A dissemination event about the role of Skype consultations in a Diabetes service – Upton Park 9:30-13:30

From a email sent to colleagues, I know nothing more about this than what’s below… Jo

Via the Barts Health NHS Trust

DREAMS

Diabetes Review, Engagement and Management via Skype

Are web-based consultations a useful tool for supporting patient self-management in diabetes?

 

18 March 2015
9:30-13:30
FREE

Venue:
West Ham United Football Club, Boleyn Ground
Green Street, Upton Park, London E13 9AZ

Focus & Aims
The DREAMS study, led by Barts Health NHS Trust, explored the role of remote (‘Skype’) consultations in patients who find it difficult to engage with and attend diabetes services. The research, which ran between January 2012 and December 2014, aimed to provide a better understanding of how the introduction of remote consultations alter patterns of service use, the experience of remote consultations from the perspective of patients and service staff, and the challenges of introducing remote consultations in a clinical setting.

The purpose of the workshop is to share and discuss key findings from the DREAMS study. The event will focus on the personal experience of patients and service staff using Skype consultations, quantitative and qualitative outcomes that informed its implementation, and the key lessons and recommendations for other services.

The workshop is organised by the research team involved in the DREAMS study, which was funded by the Health Foundation.

Format
Presentations will be by clinical and research staff, and patients involved in the DREAMS study. Lunch will be provided after presentation and discussion sessions

Presentation topics will include:

  • Background and aims of the DREAMS study
  • How the introduction of Skype altered service use
  • Patient and service staff views and experience of Skype consultations
  • Guidance and recommendations on implementation and use of Skype in clinic settings

 

Registration Information
The event is free but places are limited, so to book a place email Joe Wherton at j.wherton@qmul.ac.uk , before March 6th. For more information about the event please contact Joe Wherton on 020 7882 2512 or Desiree Campbell-Richards on 020 7363 8569.

How many people have diabetes in the UK? 2013-2014 figures

Here’s a table I wrote in Word, with footnote references, and I’ve copied and pasted it here and hope it all works… this just includes people over the age of 17 and those who are diagnosed and registered.

Nation Numbers of people >17 with diabetes
England 2,814,004[1]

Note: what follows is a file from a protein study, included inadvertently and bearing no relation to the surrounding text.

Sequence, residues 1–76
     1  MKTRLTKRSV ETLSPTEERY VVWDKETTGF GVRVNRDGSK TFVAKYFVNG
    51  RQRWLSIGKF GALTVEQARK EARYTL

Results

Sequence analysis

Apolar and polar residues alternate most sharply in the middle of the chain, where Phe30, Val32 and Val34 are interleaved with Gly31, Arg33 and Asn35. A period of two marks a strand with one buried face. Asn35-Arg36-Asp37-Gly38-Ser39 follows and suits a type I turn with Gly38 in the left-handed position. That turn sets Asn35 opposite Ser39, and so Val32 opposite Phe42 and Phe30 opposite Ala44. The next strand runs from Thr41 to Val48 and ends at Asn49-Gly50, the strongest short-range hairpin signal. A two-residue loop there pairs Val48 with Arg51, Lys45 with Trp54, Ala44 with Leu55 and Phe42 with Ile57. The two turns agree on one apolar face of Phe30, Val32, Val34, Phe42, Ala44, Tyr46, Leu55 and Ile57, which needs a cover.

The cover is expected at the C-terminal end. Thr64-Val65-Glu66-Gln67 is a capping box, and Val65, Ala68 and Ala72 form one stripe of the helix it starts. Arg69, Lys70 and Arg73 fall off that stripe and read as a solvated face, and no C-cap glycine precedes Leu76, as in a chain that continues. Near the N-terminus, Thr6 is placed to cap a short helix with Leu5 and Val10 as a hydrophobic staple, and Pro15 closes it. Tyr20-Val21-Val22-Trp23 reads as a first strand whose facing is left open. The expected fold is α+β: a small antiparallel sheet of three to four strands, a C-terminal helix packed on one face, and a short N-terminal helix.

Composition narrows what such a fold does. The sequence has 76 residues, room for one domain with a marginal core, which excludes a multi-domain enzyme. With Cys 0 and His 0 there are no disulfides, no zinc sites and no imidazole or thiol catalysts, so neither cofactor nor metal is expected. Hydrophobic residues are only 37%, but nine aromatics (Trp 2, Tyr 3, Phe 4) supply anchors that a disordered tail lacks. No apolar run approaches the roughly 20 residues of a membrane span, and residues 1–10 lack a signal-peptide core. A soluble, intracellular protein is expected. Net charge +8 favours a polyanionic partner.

Northern Ireland 81,867[2]
Scotland 259,986[3]
Wales 177,212[4]
TOTAL 3,333,069

[1] England: Cell M21 in tab ‘DM’ in QOF 2013-14: Prevalence, achievements and exceptions at region and nation level for England from Quality and Outcomes Framework (QOF) – 2013-14 (published 28 October 2014).

[2] Northern Ireland: Cell F14 in “Diabetes Indicator (MS Excel 77KB)”, from Achievement Data at Local Commissioning Group (LCG) Level 2013/14 (30 September 2014) . Previous QOF info.

[3] Scotland: Cell i20 in tab ‘by QOF register’ in file Prevalence reported from QOF registers (practices with any contract type) [xls] from Register and prevalence data at Scotland, NHS Board and CHP level, via Quality & Outcomes Framework (QOF), data for 2013-2014.

[4] Wales: Cell E15 in QOF data summary for Wales and local health boards, 2013-14 from StatsWales’ GMS Contract page.

More on the individual stats

Quality and Outcomes Framework – how many people have #diabetes? (in Wales)

There appear to be 177,212 people with diabetes in Wales and there were 173,299 last year.

How I got that number
To find this figure I looked at StatsWales’ GMS Contract page, which has a long bullet-pointed list of options. I chose the QOF data summary for Wales and local health boards, 2013-14 spreadsheet which gave me, in cell E15, the number I was after (hopefully!).

Picking the right number
What about all the other numbers? There are many of them in that Excel file, however the intersection of ‘Wales’ (ie ‘all’) and ‘patients on register’ seems right, and it tallies closely with last year’s published figure, as well as being reasonably similar to earlier published figures. I was briefly confused by StatsWales’ Quality and Outcomes Framework (QOF) points by local health board and register which suggested a much lower figure of 47,058 but I realise now this is referring to points not people. Also cross-referencing this to a reference, in 2006, of there being 150,000 people with diabetes in Wales at that time made me realise I was barking up the wrong tree. But it’s easy to pick the wrong number from a range of numbers when you don’t know for certain which is the correct one, so always worth double-checking I think!